Erin Corbett '99 on "Why Do They Return? Deconstructing the Prison Recidivism Paradigm"
Despite progressive efforts toward restructuring how the system prepares incarcerated individuals for re-entry into their home communities, little is understood about the factors that determine whether someone re-offends. In November, Erin Corbett ’99 returned to campus to argue for a closer examination of the limited educational and post-prison employment opportunities that contribute to the phenomenon.
Corbett graduated from Swarthmore with a degree in psychology and educational studies and completed her doctorate of education from the University of Pennsylvania in May 2017. She is the founder and CEO of Second Chance Educational Alliance Inc., a nonprofit that provides participating ex-offenders with access to postsecondary opportunities.
This event was sponsored by the Swarthmore College History Department, Black Studies Program, Black Cultural Center, and Lang Center for Civic and Social Responsibility.
Dion Lewis: For those of you who may not know me, I'm Dion Lewis. I'm dean of the junior class and director of the Black Cultural Center here at Swarthmore College. Tonight, I have the pleasure of introducing our guest lecturer, Erin Corbett. Is a member of Swarthmore College's Class of 1999. Yeah, right. Hello. And currently serves as chief executive officer at Second Chance Educational Alliance, Inc., a leading non-profit that provides academic opportunities to incarcerated learners in the state of Connecticut. She earned a bachelor's degree in psychology and education from Swarthmore, an MBA from the Malcolm Baldridge School of Business, and a doctorate in Higher Education Management from the University of Pennsylvania. Erin's dissertation explored the relationship between educational attainment levels and post release employment outcomes for Connecticut's ex offenders released in 2012.
She currently teaches courses in prison, and these courses are African American Lit, Philosophy, Sociology. Some of her key readings include James Baldwin's "Fire Next Time", "The Iliad", and "Song of Solomon". Erin also informed me that her incarcerated students are some of the most engaged she's ever encountered in her professional career. Erin's research interests include higher education, prison education, race and incarceration, education program evaluation. Erin shared with me that her capacity and ability for research was ignited here at Swarthmore College while she was enrolled in one of Allison Dorsey's Black Study courses. There, she learned after her first paper that she needed to use proper citations, read carefully, and dig deeper, all points that Professor Dorsey wrote in her constructive feedback. I wasn't supposed to share that, but I did. Ladies and gentlemen, Erin Corbett.
Erin Corbett: Thank you. After that intro, I'm certain that I feel like a magical unicorn that's done all these fantastical, wonderful things that really are not me, but they kind of are, so it sounds really nice. Thank you all for coming this afternoon. It's always great when I'm able to speak in front of people who are passionate about social justice.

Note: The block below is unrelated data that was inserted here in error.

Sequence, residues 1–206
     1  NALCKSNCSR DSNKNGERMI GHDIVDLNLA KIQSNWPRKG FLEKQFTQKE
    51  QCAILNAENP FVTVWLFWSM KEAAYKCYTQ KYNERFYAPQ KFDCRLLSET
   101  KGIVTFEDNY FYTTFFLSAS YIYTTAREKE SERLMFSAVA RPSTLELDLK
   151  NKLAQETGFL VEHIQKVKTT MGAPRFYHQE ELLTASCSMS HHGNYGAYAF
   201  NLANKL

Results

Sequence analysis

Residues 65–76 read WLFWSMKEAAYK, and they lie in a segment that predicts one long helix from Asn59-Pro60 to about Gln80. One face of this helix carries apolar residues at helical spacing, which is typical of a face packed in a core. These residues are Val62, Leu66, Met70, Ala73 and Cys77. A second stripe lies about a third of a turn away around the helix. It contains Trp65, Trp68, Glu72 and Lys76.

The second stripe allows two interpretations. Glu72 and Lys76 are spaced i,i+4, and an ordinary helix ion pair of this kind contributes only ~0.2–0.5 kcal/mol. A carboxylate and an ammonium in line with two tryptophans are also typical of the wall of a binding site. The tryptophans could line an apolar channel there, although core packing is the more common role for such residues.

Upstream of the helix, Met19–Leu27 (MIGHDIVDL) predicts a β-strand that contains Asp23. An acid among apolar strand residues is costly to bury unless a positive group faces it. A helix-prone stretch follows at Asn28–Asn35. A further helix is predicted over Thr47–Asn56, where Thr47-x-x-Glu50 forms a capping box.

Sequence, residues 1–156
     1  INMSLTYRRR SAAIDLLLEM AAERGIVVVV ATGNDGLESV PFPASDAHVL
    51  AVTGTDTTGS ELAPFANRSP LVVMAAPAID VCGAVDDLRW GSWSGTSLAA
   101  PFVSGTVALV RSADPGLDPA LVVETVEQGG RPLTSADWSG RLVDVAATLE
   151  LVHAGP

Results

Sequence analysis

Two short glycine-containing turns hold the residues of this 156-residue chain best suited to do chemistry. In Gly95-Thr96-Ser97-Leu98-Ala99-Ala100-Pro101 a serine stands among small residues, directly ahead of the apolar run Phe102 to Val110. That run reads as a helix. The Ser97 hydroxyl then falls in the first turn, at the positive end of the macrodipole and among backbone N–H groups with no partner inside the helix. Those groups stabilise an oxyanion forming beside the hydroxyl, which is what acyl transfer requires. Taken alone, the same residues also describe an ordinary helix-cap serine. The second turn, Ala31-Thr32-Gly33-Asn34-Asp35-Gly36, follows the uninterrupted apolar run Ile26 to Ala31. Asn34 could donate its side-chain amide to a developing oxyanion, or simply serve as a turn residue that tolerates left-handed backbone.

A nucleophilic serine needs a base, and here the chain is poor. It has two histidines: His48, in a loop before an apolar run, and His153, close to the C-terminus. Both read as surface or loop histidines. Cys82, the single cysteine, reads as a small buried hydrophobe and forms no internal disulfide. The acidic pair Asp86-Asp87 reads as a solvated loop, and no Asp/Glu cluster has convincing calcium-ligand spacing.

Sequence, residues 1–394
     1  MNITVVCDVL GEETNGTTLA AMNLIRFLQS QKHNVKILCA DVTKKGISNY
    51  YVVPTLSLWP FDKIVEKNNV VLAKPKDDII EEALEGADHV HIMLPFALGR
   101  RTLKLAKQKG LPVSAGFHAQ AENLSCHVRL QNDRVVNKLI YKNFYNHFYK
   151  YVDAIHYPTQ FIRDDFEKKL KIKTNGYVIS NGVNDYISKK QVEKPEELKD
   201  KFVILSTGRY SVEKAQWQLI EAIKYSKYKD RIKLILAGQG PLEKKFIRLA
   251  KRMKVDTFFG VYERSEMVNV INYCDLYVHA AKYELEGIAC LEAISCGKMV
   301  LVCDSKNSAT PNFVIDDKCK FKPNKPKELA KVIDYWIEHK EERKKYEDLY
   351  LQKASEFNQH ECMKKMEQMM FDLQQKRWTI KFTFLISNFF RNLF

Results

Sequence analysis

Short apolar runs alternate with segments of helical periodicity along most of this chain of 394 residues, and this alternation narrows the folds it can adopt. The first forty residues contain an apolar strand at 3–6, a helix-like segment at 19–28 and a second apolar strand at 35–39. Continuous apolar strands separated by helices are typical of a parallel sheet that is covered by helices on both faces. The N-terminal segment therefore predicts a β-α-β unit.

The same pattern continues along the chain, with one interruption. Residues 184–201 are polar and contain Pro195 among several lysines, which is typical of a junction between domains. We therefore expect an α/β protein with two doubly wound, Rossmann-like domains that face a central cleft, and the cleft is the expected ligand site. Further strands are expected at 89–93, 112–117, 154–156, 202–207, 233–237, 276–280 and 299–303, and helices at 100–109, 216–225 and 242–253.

The title of my talk today is "Why Do They Return: Deconstructing the Recidivism Paradigm". We're going to look at three things today, and I put them all up on the board so that we can all follow along. We're gonna talk about mass incarceration, the big picture, sort of what does mass incarceration look like beyond the numbers with which we are most familiar.
We've all heard the United States has a high percent of the world's population and incarcerates 25% of the incarcerated population across the globe. We have heard a lot about the racial disparities that make up the prison population in the United States. But we're gonna dig a little bit deeper because what I wanna then do is transition to the importance of talking about hidden and collateral consequences of incarceration.
So, what are the ways in which formerly incarcerated people continue to have struggles and challenges once they are released from physical custody? And we'll then transition in to a little bit of a conversation about why the recidivism paradigm, which is the paradigm around which most research is focused, is flawed and problematic, and we shouldn't use it. Any questions? Yes? No? Maybe so? Great. We're gonna mosey right along.
The Prison Policy Initiative, which is one of the foremost think tanks, policy research agenda setters, came up with this is the picture of incarceration in the United States right now. Can you guys hear me? I make a living speaking over facility announcements, so I can speak very loudly. This is wonderful.
We have approximately, now in 2017, about 2.1 million people who are in physical custody. The number has a range from 2.5 million down to 2.2 million. As we've seen decreases in the incarcerated population, the number is now down to 2.1 million. And as you see, most of those folks are incarcerated in state facilities, and then we have local jails with 630,000, and then we have a smaller percentage who are in federal facilities.
So, this is where we take a more global look at incarceration rates. This number, as you see, the United States incarcerates approximately 693 people per 100,000 people. That's how the rate is described. The next highest incarceration rate among our NATO allies is in the United Kingdom at 145 per 100,000. Our incarceration rate is so high it does not even fit in the box used to describe incarceration rates across the global. If we wanna even take a look at some other countries that may not be part of this NATO alliance, we can even look at places like Russia and, perhaps, Rwanda. And again, with this data from The Sentencing Project, which is from 2016, we are looking at 670 per 100,000 vs. Russia, which is at 439 per 100,000. By all accounts, whether it's the Sentencing Project, the Prison Policy Initiative, the Vera Institute, the Department of Justice, the United States is the leading incarcerator in the entire globe.